PHP ternary operator vs null coalescing operator


Can someone explain the differences between ternary operator shorthand (?:) and null coalescing operator (??) in PHP?

When do they behave differently and when in the same way (if that even happens)?

$a ?: $b


$a ?? $b

Best Solution

When your first argument is null, they're basically the same except that the null coalescing won't output an E_NOTICE when you have an undefined variable. The PHP 7.0 migration docs has this to say:

The null coalescing operator (??) has been added as syntactic sugar for the common case of needing to use a ternary in conjunction with isset(). It returns its first operand if it exists and is not NULL; otherwise it returns its second operand.

Here's some example code to demonstrate this:


$a = null;

print $a ?? 'b'; // b
print "\n";

print $a ?: 'b'; // b
print "\n";

print $c ?? 'a'; // a
print "\n";

print $c ?: 'a'; // Notice: Undefined variable: c in /in/apAIb on line 14
print "\n";

$b = array('a' => null);

print $b['a'] ?? 'd'; // d
print "\n";

print $b['a'] ?: 'd'; // d
print "\n";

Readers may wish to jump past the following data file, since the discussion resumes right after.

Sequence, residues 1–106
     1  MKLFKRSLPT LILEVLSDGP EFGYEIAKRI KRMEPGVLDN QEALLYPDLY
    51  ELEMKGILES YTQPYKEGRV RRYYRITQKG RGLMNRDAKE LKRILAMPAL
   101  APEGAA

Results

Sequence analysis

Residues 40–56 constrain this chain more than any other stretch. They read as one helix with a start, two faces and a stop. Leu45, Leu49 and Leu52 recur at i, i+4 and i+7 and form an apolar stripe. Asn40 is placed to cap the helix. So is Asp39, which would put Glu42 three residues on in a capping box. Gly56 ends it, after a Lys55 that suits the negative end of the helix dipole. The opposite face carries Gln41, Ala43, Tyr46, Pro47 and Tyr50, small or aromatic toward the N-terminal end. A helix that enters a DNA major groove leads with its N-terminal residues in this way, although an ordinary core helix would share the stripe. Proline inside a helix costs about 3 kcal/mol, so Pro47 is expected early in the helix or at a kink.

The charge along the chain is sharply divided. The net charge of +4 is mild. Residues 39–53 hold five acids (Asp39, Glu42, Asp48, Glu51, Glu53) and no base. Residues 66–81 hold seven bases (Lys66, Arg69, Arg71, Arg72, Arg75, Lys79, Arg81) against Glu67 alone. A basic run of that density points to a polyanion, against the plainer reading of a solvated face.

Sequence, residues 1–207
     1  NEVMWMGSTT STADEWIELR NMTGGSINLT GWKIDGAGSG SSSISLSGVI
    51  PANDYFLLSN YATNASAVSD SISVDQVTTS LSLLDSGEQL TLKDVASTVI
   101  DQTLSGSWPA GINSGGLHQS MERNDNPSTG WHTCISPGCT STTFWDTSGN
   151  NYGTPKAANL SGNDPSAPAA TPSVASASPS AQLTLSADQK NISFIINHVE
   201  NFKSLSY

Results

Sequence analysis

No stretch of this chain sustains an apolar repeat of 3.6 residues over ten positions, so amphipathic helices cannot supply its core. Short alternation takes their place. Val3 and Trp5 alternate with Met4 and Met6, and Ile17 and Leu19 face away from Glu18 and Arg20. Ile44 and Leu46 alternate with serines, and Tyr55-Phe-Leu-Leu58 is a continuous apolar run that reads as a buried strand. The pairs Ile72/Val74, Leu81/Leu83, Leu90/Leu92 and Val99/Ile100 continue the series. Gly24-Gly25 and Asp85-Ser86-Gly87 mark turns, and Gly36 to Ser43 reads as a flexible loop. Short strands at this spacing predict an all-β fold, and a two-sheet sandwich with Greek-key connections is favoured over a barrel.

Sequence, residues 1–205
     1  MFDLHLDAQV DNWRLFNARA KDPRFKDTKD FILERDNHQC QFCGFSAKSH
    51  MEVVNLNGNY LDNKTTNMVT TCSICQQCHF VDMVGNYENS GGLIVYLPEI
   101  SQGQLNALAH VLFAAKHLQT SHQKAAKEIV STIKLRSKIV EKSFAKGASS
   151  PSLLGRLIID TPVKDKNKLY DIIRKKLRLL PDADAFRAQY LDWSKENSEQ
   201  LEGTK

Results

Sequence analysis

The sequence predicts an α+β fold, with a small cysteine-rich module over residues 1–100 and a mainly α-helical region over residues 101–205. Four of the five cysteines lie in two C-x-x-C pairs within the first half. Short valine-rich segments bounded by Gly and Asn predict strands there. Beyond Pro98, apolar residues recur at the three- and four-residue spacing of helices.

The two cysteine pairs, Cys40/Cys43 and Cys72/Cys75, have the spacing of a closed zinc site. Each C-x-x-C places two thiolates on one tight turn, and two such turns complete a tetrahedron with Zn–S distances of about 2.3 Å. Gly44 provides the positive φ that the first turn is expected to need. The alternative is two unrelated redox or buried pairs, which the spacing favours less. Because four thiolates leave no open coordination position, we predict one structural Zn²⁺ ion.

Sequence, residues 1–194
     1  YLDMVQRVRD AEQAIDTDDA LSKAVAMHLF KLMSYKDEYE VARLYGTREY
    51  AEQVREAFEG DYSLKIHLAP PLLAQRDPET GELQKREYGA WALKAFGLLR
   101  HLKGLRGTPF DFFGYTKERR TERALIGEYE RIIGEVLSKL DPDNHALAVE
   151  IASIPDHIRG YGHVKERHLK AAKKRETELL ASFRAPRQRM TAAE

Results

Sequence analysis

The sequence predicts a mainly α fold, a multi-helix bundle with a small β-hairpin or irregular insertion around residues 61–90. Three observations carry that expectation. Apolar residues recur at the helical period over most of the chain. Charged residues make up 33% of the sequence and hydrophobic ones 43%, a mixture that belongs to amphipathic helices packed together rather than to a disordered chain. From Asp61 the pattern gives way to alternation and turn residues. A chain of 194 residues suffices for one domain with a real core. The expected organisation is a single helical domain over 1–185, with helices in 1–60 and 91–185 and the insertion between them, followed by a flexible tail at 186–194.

print $b['c'] ?? 'e'; // e
print "\n";

print $b['c'] ?: 'e'; // Notice: Undefined index: c in /in/apAIb on line 33
print "\n";

The lines that have the notice are the ones where I'm using the shorthand ternary operator as opposed to the null coalescing operator. However, even with the notice, PHP will give the same response back.

Execute the code:

Of course, this is always assuming the first argument is null. Once it's no longer null, then you end up with differences in that the ?? operator would always return the first argument while the ?: shorthand would only if the first argument was truthy, and that relies on how PHP would type-cast things to a boolean.


$a = false ?? 'f'; // false
$b = false ?: 'g'; // 'g'

would then have $a be equal to false and $b equal to 'g'.